In 1955 Moi entered politics when he was elected Member of the Legislative Council for Rift Valley. He was the chosen replacement of Dr. John ole Tameno, the former representative who had had to quit due to heavy drinking and suspected connections to the freedom movement.[10] In 1957 Moi was re-elected Member of the Legislative Council for Rift Valley. Moi was part of the Kenyan delegation at the Lancaster House Conferences in London, which drafted the country's first post-independence constitution, and in 1961 became Minister of Education in the pre-independence government.[11]

In 1960 he founded the Kenya African Democratic Union (KADU) with Ronald Ngala as a political alternative to the Kenya African National Union (KANU) led by Jomo Kenyatta. KADU pressed for a federalist constitution, while KANU was in favour of a centralized government. The advantage lay with the numerically stronger KANU, and the first post-independence constitution emphasised national unity, structuring the country as a unitary state.[12]


After Kenya gained independence on 12 December 1963, Kenyatta convinced Moi that KADU and KANU should be merged to complete the process of decolonisation. Accordingly, KADU dissolved and joined KANU in 1964. The only real challenge to KANU's dominance came from the Kenya People's Union, starting in 1966. That party was banned in 1969, and from that point onward Kenya was a de facto one-party state dominated by the Kĩkũyũ-Luo alliance. However, with an eye on the fertile lands of the Rift Valley populated by members of Moi's Kalenjin tribe, Kenyatta secured their support by first promoting Moi to Minister for Home Affairs in 1964, and then to Vice-President in 1967. As a member of a minority tribe Moi was also an acceptable compromise for the major tribes. Moi was elected to the Kenyan parliament in 1963 from Baringo North. From 1966 until his retirement in 2002 he served as the MP for Baringo Central in addition to his various other offices.[13]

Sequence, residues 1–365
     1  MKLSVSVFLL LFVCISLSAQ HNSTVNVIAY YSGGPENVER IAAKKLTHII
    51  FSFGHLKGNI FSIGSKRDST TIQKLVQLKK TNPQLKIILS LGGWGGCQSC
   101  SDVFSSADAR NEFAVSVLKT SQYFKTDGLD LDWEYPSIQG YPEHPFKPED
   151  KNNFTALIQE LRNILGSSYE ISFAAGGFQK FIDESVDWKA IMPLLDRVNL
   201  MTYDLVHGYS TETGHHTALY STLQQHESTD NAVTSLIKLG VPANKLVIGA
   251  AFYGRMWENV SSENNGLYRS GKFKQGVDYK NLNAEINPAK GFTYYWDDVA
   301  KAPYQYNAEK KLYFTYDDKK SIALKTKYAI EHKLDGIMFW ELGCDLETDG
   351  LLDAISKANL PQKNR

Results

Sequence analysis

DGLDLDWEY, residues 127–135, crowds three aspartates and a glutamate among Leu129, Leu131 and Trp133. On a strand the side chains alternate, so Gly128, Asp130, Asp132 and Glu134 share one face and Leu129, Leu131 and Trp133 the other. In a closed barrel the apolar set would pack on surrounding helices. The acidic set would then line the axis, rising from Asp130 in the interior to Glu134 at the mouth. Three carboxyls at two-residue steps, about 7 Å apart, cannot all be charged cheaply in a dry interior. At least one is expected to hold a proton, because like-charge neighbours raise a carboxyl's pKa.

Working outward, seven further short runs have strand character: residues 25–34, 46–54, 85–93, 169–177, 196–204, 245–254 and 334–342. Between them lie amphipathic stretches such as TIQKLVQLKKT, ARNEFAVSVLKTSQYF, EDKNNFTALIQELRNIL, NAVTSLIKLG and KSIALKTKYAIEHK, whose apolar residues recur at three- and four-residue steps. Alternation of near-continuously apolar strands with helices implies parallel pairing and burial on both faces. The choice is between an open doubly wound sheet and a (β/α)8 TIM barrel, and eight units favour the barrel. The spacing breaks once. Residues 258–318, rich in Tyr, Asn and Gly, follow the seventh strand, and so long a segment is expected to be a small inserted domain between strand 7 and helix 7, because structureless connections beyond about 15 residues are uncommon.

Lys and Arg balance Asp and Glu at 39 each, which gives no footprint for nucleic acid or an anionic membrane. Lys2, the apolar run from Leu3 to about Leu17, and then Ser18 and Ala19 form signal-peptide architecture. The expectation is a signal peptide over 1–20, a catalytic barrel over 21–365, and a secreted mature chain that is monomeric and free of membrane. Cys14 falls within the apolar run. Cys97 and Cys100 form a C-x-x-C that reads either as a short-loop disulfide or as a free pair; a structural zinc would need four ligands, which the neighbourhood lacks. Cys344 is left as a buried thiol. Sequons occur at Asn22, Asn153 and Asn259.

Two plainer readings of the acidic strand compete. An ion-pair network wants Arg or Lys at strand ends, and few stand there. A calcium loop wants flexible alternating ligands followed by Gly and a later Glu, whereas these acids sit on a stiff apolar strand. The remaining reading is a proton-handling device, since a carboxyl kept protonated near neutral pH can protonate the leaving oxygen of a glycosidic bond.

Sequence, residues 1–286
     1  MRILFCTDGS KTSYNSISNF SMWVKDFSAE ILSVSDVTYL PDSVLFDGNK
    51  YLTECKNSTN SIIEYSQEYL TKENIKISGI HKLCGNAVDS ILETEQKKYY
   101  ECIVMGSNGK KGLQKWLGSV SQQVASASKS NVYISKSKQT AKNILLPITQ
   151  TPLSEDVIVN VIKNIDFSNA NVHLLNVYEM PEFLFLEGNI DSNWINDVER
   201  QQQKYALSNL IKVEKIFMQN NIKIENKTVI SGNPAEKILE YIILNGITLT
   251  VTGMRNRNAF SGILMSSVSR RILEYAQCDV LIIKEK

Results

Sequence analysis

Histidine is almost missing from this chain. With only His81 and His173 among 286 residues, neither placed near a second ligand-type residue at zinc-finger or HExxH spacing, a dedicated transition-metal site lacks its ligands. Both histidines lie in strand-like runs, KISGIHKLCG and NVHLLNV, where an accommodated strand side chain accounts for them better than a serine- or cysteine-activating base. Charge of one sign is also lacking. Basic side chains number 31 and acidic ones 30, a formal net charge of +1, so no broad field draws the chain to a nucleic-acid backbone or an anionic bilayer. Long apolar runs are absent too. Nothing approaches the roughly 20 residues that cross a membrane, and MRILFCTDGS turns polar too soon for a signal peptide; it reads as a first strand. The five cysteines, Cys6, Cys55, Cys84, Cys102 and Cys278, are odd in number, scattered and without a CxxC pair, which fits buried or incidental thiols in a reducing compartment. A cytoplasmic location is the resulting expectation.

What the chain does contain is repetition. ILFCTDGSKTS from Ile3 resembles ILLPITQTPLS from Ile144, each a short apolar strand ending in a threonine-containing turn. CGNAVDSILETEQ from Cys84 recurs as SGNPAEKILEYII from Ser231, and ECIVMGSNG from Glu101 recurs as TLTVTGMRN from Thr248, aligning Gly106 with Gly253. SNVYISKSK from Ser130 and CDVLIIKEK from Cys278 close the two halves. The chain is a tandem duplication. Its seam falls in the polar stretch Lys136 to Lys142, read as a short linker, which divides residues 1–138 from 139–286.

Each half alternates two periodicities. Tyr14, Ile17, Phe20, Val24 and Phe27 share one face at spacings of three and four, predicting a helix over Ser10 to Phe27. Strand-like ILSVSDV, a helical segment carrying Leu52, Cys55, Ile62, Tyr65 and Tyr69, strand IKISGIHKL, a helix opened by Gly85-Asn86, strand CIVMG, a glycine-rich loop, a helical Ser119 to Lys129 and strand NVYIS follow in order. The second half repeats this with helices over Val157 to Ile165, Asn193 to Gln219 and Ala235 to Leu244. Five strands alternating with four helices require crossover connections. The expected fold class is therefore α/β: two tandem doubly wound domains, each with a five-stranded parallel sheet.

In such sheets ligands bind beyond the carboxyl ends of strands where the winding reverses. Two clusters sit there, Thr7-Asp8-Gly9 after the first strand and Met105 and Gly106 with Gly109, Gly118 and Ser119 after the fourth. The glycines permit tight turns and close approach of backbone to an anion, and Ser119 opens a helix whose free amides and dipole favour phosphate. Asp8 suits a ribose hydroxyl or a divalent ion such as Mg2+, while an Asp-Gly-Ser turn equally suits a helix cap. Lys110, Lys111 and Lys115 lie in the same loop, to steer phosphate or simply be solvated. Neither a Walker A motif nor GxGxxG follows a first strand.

However, Moi faced opposition from the Kikuyu elite known as the Kiambu Mafia, who would have preferred one of their own to accede to the presidency. This resulted in an attempt by the constitutional drafting group to change the constitution to prevent the vice-president automatically assuming power in the event of the president's death.[14] However, many senior Kikuyu politicians, including Mwai Kibaki and Charles Njonjo, as well as Kenyatta himself, opposed such a change to the order of succession, fearing it might lead to political instability if Kenyatta died, given his advanced age and perennial illnesses. Thus, Moi's position as successor to Kenyatta was safeguarded.[15]


Presidential Standard of Daniel Toroitich arap Moi

When Jomo Kenyatta died on 22 August 1978, Moi became acting president. Per the Constitution, a special presidential election for the balance of Kenyatta's term was to be held on 8 November, 90 days later. However, a Cabinet meeting decided that no-one else was interested in running for President and thus various politicians began campaigning across the country for Moi to be declared unopposed. He was therefore sworn in as the second President of Kenya on 14 October 1978 as a result of the walkover electoral process.[16][17]

In the beginning, Moi was popular, with widespread support all over the country. He toured the country and came into contact with the people everywhere, which was in great contrast to Kenyatta's imperious style of government from behind closed doors. However, political realities dictated that he would continue to be beholden to the system of government that Kenyatta had created and to whose headship he had acceded, including the nearly dictatorial powers vested in his office. Despite his popularity, Moi was still unable to fully consolidate his power. From the beginning, anti-communism was an important theme of Moi's government; speaking on the new President's behalf, Vice-President Mwai Kibaki bluntly stated, "There is no room for Communists in Kenya."[18]

On 1 August 1982, lower-level Air Force personnel, led by Senior Private Grade-I Hezekiah Ochuka and backed by university students, attempted a coup d'état to oust Moi. The revolt was quickly suppressed by military and police forces commanded by Chief of General Staff Mahamoud Mohamed.[19] There may have been two or even three independent groups attempting to seize power at the same time, for differing reasons, but the most serious was led by prominent Kikuyu politicians and members of the police and armed forces.[20]